Tenor Jon Vickers, considered by many to be one of the greatest opera singers of the 20th century, has died aged 88.
A family statement announced the Canadian singer's death "with great sadness... after a prolonged struggle with Alzheimer's disease".
Vickers' career spanned three decades and saw him sing some of opera's most challenging roles.
His distinctive voice was described by one reviewer as holding "100 colours and inflections".
His family paid tribute to "his ringing laughter, warmth, and generous spirit".
Born in rural Saskatchewan in 1926, Vickers was described as "a deeply religious and private man".
At 24, he won a scholarship to the The Royal Conservatory of Music in Toronto, where he studied for five years.
He was invited to audition for London's Royal Opera House in 1956, where he made his debut the following year.
In 1958, he debuted at the Bayreuth Festival as Siegmund in Wagner's Die Walkuere (The Valkyrie), which launched his international career and become one of his signature roles.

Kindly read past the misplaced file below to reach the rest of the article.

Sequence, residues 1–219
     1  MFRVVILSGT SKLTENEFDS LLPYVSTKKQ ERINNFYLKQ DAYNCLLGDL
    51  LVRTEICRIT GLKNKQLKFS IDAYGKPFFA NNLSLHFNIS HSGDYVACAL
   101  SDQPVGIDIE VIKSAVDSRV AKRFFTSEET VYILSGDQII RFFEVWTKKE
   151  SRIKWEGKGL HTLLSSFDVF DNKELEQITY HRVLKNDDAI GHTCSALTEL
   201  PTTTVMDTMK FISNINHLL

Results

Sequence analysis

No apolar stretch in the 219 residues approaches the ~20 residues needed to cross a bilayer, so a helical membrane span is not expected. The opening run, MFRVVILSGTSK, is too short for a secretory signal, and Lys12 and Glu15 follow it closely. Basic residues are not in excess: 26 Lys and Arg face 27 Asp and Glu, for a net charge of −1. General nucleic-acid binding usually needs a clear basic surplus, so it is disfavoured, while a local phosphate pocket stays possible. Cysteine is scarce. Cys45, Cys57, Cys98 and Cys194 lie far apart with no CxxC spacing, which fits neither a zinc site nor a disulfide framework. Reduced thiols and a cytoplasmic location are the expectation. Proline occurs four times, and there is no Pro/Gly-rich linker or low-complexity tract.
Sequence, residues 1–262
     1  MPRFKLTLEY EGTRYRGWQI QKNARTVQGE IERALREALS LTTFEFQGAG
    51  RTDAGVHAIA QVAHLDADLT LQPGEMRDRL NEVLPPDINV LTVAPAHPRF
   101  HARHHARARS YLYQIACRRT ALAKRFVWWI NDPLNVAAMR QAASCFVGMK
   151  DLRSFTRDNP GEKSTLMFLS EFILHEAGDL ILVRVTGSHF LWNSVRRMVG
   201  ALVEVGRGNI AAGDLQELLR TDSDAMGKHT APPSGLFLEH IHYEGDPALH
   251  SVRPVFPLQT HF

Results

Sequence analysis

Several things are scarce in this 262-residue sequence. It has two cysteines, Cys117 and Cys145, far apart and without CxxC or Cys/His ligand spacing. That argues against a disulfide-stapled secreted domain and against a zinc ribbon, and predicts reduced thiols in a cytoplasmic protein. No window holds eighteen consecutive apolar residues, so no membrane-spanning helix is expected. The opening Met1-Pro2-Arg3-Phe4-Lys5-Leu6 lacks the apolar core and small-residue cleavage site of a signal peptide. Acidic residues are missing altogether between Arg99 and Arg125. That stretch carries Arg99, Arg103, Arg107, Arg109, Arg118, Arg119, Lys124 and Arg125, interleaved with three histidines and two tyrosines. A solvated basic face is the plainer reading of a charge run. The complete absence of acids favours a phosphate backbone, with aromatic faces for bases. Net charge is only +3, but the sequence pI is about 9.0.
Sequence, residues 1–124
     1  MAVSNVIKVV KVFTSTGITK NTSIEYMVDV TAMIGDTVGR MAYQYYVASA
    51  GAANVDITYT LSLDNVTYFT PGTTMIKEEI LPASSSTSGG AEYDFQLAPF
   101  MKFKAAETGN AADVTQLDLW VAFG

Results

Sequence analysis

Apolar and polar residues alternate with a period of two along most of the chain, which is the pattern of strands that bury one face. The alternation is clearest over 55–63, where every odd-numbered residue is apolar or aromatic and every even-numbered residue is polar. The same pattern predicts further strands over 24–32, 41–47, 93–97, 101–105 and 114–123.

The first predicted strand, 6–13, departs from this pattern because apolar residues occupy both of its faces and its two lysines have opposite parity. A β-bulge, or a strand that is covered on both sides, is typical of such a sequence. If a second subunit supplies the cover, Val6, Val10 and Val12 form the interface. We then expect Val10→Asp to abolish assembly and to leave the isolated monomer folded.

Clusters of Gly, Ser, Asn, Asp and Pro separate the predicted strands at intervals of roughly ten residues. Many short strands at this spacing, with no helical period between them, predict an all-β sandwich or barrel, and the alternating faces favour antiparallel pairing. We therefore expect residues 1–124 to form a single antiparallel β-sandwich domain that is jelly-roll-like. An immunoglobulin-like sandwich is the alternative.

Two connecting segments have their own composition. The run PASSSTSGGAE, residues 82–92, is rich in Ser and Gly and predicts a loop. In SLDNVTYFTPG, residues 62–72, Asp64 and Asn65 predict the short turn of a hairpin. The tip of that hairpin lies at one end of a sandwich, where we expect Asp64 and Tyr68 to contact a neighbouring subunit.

The same year he starred opposite Maria Callas' Medea at Covent Garden.
He achieved his greatest fame in the 1960s, as part of the Metropolitan Opera in New York, with his critically acclaimed performances of Tristan in Wagner's Tristan and Isolde and the eponymous Peter Grimes.
"The meeting of character and singer," critic Leighton Kerner said of Vickers' Grimes, "has proved to be one of the mightiest collisions in 20th century opera".
Vickers claimed that his approach "hung on the music, absolutely - everything I do as an actor I find a motivation for in the music".
His deep faith - he was once dubbed "God's voice" - saw him refuse to perform some roles on moral grounds, specifically, Tannhauser.
A recipient of many honours and awards, including two Grammys and a Companion of the Order of Canada, Vickers announced his retirement in 1988.
He leaves a sister, five children, eleven grandchildren and two great-grandchildren.